Re ECF Project: 2006-10

Project Title: Association of other waterbird species with wintering Black-faced Spoonbills Platalea minor in Hong Kong

Applicant: Hong Kong Bird Watching Society Ltd. (Dr. CHEUNG Ho-fai)

Total Approved Grant: $91,650

Completed: 01/11/2007 to 30/04/2008

Project Status/Remarks: Completed

Scope:
The goal of the project is to identify the relationships and the kind of relations between wintering Black-faced Spoonbills and other waterbirds in Hong Kong. Field observations will be conducted in winter months, when the wintering Black-faced Spoonbills arrive at Mai Po, i.e. from November, and finished when the spoonbills start the northward migration, i.e. end of February. Study area would include Mai Po Inner Deep Bay Ramsar site and the peripheral area where the spoonbills would occur.

Summary of the Findings/Outcomes:
Previous studies of the Black-faced Spoonbill focused to find out basic information of the habitats, food and feeding of the wintering Black-faced Spoonbill in Hong Kong and other sites in the spoonbill's range state. Only brief notes was made for describing associated waterbirds to the Black-faced Spoonbills and these lacked of quantitative measurement of the relationships between the spoonbills and associated waterbirds. This study not only found numbers of waterbirds associating to the Black-faced Spoonbills, but also some numerical relationships of some important ardeids to the spoonbills. This is a first attempt of such study to the Black-faced Spoonbills and in this region.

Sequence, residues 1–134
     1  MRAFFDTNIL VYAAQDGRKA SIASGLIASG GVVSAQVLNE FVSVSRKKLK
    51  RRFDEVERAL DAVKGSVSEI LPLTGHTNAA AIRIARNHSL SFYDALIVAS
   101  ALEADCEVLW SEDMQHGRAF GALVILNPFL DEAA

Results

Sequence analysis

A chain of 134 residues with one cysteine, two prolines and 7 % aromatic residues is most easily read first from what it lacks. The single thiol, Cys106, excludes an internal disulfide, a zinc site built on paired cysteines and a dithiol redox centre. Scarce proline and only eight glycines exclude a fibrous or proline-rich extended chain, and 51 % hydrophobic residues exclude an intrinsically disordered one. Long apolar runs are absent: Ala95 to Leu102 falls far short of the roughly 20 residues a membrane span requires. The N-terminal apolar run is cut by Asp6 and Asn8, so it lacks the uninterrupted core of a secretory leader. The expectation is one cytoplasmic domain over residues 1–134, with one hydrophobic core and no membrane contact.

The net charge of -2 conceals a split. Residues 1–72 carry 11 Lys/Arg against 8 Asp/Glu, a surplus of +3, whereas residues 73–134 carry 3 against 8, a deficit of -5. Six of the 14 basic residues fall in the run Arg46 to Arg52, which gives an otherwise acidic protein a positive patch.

To summarize, this study focused to some basic information about association among the Black-faced Spoonbills and waterbirds utilising the same areas as the spoonbills. The commonest associate in loafing and feeding habitats of the Black-faced Spoonbills is Grey Heron and Great Egret respectively. Black-faced Spoonbills were always robbed by other waterbird species and Black-faced Spoonbill individuals, but they just could not rob the others. Some aspects of the whole content about the association or aggregation of waterbirds are still not studied, discussed and explained so far. Further studies could be focused on several finer questions, e.g, how the association form, attractiveness of different water species in the association of the species, feeding success or efficiency between associated and solitary waterbirds, and effects of prey density in different feeding habitats to numbers of waterbird present etc. Mai Po Nature Reserve and the nearby Deep Bay area holds thousands of waterbirds in the winter time and some areas are under active management for the wildlife. It is an ideal place to carry out further similar studies later on.